Peter Watts' BLINDSIGHT
A book review by Dennis D. McDonald
Peter Watts’ Blindsight is hard SF. Normally I like hard SF but I had some trouble with this one:
- None of the characters is sympathetically drawn. Put another way, I don’t think I’d want to have any of them over for dinner with the family (well, maybe the vampire, who, oddly enough, stands out from all the other characters as having a real personality).
- Watts’ prose is well constructed, expressive, action oriented — but essentially lifeless. Also colorless and odorless. I just don’t think he portrays life inside a long distance spaceship very well — the sounds, the odors, the things that get misplaced. My vision of the ship was based on memories of reading about Skylab, I have to admit, with a bit of the messiness of the space station from Armageddon.
- The aliens. I admit I like a good “First Contact” story, but I really had a hard time not envisioning the little guys as looking and acting like the starfish in the tank in Finding Nemo. I know that is NOT the mood that Watts intended!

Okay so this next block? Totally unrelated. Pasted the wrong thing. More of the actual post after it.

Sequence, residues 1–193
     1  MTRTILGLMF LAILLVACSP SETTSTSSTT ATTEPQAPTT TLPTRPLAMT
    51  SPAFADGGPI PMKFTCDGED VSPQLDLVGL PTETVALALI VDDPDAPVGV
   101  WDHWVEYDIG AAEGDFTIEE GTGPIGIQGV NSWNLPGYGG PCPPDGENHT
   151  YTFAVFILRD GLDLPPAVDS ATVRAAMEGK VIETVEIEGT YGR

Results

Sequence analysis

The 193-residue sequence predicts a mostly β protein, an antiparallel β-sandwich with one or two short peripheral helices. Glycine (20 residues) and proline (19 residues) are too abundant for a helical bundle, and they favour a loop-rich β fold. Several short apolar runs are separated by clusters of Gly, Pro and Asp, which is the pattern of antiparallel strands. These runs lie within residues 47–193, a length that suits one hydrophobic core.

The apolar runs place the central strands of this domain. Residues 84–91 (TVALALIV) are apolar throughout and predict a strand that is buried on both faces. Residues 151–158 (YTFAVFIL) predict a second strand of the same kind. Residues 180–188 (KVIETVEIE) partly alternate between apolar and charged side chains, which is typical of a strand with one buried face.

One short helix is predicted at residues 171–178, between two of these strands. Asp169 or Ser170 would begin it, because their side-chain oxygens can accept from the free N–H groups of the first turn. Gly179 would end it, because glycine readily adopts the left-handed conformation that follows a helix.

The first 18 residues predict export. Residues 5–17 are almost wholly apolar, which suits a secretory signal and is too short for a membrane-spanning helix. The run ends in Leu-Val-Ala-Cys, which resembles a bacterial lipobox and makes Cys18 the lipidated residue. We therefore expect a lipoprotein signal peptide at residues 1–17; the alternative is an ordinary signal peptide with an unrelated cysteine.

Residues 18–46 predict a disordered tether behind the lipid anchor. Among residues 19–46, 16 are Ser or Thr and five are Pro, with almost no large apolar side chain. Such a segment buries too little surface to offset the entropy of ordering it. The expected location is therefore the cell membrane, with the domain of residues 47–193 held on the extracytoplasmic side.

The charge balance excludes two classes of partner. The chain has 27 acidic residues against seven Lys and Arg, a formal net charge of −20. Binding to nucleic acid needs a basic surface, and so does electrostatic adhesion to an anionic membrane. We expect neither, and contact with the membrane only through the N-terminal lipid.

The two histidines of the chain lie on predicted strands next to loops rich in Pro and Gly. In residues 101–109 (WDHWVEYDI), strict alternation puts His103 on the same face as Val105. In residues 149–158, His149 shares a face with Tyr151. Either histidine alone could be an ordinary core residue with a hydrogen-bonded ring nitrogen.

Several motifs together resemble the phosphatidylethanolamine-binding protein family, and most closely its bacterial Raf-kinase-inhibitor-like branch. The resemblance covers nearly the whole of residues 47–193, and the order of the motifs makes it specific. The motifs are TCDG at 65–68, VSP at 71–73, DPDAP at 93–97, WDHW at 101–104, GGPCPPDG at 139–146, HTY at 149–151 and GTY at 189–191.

Still, I’d recommend this one for the fascinating ideas:
- Ruminations about consciousness and intelligence. This is always fun but Watts really gets into this in a big way.
- Genetics. I like the fact that all the characters have been genetically altered in some way. They may all be special cases but I think that’s where we’re headed as a species.
- Orbital mechanics. I love the vision of the alien “mother ship” navigating a virtual Sargasso Sea of objects. Still, key points in the story are punctuated by the reality that if you’re in orbit around a body you sometimes may disappear from the view of another observer.
In summary, I didn’t like the characters, and I didn’t like the prose, but the ideas and storywere more than enough to keep my attention. Highly recommended if you want a challenging, thoughtful read!
Copyright (c) 2008 by Dennis D. McDonald
Thanks to Lisa Junker for recommending this book to me!